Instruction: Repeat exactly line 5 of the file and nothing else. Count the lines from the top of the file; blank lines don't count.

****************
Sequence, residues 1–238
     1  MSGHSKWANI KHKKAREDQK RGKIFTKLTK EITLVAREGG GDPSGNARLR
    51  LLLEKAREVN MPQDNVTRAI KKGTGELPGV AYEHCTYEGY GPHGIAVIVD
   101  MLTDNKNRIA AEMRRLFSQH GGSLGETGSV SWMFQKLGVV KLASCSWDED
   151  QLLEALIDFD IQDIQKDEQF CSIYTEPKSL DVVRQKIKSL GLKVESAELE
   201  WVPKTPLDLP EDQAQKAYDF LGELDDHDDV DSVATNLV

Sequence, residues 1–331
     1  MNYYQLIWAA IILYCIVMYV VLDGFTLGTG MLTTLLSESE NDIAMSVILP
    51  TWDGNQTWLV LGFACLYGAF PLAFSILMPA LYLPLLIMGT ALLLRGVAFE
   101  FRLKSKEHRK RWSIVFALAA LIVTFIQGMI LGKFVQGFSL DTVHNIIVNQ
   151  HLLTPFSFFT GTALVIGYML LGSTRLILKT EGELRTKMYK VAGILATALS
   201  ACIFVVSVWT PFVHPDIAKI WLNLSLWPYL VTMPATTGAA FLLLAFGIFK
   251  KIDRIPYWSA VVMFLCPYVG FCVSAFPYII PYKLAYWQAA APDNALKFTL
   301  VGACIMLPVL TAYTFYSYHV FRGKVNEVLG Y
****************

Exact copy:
   151  QLLEALIDFD IQDIQKDEQF CSIYTEPKSL DVVRQKIKSL GLKVESAELE